We walked along the trail and read each marker describing the traditional Native uses for the plants of the Kodiak Archipelago. It was both interesting and informative to learn that plants could be used not only for food and medicinal purposes but also for utilitarian uses – some plants produced pigments for dying while other plants or grasses could be used for basket weaving. We were successful in locating all of the plants described in the markers. Guy was right. This was the perfect time of year for a plant stroll.
In between the markers we saw a variety of wildflowers and worked together to identify them. We considered the leaves, size, growing conditions, and flower shape and color. “You know” I offered “we should take that class about surviving on native plants. I believe they are offering it again this fall at Kodiak College”. Kodiak College is a two-year campus of the University of Alaska Anchorage. “I think it would be interesting. I’ve known, and eaten at the table of, friends who have taken the course. I ate sautéed nettles. They were pretty good and packed with nutrition”.
Guy gave me a big grin and said “That sounds like a great idea. We’ll have to see the college schedule and compare it against the fishing openers”. Reality set in. If I was going to have an ongoing relationship with Guy, there would be periods of time he would be out for weeks. “But for now, I think I should get you home. The wind is starting to pick up again and the temperature is dropping”.
On the way home, I was thinking that I wished he would mention seeing each other again. I just wasn’t sure of his level of interest and didn’t want to ask him out only to be rejected. I thought perhaps another outdoor activity would be a safe approach and I teased him about taking me out fishing.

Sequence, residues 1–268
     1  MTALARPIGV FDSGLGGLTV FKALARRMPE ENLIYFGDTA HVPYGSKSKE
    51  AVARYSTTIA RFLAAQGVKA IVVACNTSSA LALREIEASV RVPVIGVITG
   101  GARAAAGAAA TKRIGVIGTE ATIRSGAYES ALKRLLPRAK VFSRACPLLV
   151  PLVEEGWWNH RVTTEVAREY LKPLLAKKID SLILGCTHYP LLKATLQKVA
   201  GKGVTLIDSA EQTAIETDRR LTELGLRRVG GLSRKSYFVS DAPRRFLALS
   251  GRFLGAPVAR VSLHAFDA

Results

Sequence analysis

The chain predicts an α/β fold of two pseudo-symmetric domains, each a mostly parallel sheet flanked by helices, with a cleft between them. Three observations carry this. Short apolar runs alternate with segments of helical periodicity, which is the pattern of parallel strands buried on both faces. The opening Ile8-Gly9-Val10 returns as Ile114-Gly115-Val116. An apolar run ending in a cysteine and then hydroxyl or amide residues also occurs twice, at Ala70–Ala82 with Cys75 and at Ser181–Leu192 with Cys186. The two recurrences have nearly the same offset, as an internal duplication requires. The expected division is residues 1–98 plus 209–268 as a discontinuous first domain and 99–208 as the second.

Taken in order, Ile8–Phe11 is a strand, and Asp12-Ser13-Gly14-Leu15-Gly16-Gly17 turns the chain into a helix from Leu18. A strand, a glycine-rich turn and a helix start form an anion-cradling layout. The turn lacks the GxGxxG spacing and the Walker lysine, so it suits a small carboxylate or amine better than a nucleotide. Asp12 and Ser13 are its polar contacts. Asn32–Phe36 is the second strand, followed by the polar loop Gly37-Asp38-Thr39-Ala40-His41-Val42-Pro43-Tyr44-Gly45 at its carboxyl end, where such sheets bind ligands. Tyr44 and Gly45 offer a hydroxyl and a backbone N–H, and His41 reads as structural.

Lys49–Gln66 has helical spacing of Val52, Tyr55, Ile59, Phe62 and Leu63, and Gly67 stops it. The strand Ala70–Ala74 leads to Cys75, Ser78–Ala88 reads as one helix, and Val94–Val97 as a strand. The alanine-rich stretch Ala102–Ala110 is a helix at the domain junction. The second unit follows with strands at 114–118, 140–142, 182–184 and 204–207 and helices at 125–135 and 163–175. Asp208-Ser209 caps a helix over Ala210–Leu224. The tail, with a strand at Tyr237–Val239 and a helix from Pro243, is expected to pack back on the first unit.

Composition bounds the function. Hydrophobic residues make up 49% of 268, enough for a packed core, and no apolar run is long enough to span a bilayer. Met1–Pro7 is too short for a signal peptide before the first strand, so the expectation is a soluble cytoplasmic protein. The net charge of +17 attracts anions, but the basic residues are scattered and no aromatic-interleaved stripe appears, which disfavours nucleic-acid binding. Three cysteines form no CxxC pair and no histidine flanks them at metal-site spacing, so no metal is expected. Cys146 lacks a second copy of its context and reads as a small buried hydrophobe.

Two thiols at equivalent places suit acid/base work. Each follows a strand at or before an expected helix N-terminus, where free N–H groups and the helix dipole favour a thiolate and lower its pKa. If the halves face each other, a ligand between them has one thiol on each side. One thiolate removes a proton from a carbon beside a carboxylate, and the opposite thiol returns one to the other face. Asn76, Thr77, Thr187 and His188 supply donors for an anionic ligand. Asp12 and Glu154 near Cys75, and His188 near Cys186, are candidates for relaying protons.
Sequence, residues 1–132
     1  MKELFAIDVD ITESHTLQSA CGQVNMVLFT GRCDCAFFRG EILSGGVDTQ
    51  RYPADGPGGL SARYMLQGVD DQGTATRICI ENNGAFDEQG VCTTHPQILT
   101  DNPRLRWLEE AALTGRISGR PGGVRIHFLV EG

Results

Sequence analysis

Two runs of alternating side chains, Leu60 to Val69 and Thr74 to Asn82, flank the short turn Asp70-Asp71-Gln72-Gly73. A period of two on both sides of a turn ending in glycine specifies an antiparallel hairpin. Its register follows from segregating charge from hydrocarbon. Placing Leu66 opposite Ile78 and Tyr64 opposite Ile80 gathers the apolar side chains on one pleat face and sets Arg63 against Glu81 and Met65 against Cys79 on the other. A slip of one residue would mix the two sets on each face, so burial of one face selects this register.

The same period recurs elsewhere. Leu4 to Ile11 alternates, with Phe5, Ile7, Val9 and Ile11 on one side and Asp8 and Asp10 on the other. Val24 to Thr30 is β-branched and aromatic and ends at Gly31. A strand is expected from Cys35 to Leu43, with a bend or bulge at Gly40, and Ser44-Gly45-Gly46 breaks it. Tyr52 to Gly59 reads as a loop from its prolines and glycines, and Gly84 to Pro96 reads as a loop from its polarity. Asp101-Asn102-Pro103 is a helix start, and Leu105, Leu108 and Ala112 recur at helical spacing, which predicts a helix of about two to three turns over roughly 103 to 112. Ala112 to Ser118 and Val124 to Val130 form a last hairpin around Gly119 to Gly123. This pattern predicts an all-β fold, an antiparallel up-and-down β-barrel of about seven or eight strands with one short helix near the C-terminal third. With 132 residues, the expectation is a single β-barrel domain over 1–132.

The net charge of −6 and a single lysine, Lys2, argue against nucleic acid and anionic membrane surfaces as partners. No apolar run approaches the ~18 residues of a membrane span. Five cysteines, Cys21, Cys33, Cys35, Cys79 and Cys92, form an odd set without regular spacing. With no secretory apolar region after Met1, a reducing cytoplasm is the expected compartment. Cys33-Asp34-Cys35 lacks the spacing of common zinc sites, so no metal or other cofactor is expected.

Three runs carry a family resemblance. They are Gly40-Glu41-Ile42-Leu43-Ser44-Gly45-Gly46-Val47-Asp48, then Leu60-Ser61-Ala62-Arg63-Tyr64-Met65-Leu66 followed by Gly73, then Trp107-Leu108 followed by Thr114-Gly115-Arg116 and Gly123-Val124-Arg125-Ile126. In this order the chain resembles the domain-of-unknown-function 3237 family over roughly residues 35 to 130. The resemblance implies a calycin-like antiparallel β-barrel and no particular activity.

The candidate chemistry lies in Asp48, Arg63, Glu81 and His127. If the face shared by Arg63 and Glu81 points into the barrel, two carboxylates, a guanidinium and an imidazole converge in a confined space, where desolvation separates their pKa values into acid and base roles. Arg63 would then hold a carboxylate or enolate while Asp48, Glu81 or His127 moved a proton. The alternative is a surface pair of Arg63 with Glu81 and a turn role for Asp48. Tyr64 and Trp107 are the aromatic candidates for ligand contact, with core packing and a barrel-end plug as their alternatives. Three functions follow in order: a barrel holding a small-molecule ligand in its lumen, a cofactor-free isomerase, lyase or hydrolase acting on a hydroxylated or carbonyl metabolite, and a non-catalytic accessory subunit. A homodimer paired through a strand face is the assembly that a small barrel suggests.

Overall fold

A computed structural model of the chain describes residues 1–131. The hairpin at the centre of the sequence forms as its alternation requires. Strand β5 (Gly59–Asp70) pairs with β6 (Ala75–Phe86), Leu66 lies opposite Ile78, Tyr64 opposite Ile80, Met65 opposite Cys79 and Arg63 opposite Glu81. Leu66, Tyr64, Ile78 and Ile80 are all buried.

“We can do that” he said “but I have to get my skiff in order because we can’t go sport fishing off my commercial boat”.
“You can’t? Why not if it is your boat?” I asked
“Because it is against regulations. I guess it is to keep people honest and by separating them there can be no question of commercial fishing outside of the season.”
“I’ll make you a deal – we catch a red salmon and I will make you Pirog” I teased. Pirog is a popular local dish of Russian decent. It is a salmon, lasagna sized, with a pastry crust, a layer of rice, sautéed onions and cabbage, and salmon filets. It’s closed with a top crust and baked about an hour in a medium heat oven. Some people add chopped up hard-boiled eggs in their Pirog. Either way, it’s a great dish for a potluck.
“That’s a deal” he responded “but catching a sockeye is best done with a gill net. Are you up to it?”
I had to think about that for a minute. “Can we try hook and line first then go to gill nets if we don’t catch any sockeye?”
“Sure. I will get my skiff ready for later in the week. I promised to take Aunt Cecil out in the next day or two. The weather is supposed to be good and she wants to take in the shoreline while she is still feeling up to it”. That was his first mention of his ailing aunt and I was having such a good time that I hadn’t even noticed that he kept that unhappy conversation off the agenda tonight. I felt guilty about it for a minute but then rationalized that perhaps he needed a break from her illness as well.
I worked up my courage and when we pulled into my driveway I invited him in. Hey, what the worst that can happen? As I was thinking the answer was that he could say no, he said “Yes. I believe your Daisey was smitten with me and would be hurt if I did not come in at least to bid her a goodnight”. I laughed and enjoyed the thought that he might like my dogs. Not all dates can appreciate small dogs. It wasn’t uncommon for men to make comments that my rat terriers were not dogs and explain that labs or retrievers are “real” dogs.
While he was admiring the dusky view out my picture window, I lit the strategically placed candles and started a pot of coffee. We took the dogs into the back yard for relief and a romp before settling on the sofa with our mugs. I opened the conversation by telling Guy about my dinner plans for tomorrow night. “It’s called dark dining” I explained.
“That’s the strangest thing I’ve ever heard” he commented.
“I understand it was started by a blind man who wanted his sighted friends to share his dining experience. I was also told that it is harder than you think to recognize what you are eating if you cannot see it. That was surprising to me since it seems like taste”……my rant was interrupted by a kiss. A very long, warm, and moist kiss. When it was over, I reciprocated.
The romance ice was broken. Finally.